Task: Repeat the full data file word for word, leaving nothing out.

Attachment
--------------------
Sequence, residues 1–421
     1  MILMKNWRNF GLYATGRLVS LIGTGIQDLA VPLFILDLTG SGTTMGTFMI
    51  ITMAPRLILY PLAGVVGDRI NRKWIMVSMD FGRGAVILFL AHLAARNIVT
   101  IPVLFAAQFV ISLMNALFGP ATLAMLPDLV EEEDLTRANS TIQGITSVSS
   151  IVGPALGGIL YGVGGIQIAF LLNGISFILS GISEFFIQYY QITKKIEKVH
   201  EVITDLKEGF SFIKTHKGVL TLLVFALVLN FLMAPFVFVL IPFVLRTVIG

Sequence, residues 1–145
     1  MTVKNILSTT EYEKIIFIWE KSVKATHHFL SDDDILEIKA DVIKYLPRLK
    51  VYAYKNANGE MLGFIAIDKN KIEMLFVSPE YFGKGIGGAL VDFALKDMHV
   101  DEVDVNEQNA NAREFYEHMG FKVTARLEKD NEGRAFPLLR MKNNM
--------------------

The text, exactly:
Sequence, residues 1–421
     1  MILMKNWRNF GLYATGRLVS LIGTGIQDLA VPLFILDLTG SGTTMGTFMI
    51  ITMAPRLILY PLAGVVGDRI NRKWIMVSMD FGRGAVILFL AHLAARNIVT
   101  IPVLFAAQFV ISLMNALFGP ATLAMLPDLV EEEDLTRANS TIQGITSVSS
   151  IVGPALGGIL YGVGGIQIAF LLNGISFILS GISEFFIQYY QITKKIEKVH
   201  EVITDLKEGF SFIKTHKGVL TLLVFALVLN FLMAPFVFVL IPFVLRTVIG

Sequence, residues 1–145
     1  MTVKNILSTT EYEKIIFIWE KSVKATHHFL SDDDILEIKA DVIKYLPRLK
    51  VYAYKNANGE MLGFIAIDKN KIEMLFVSPE YFGKGIGGAL VDFALKDMHV
   101  DEVDVNEQNA NAREFYEHMG FKVTARLEKD NEGRAFPLLR MKNNM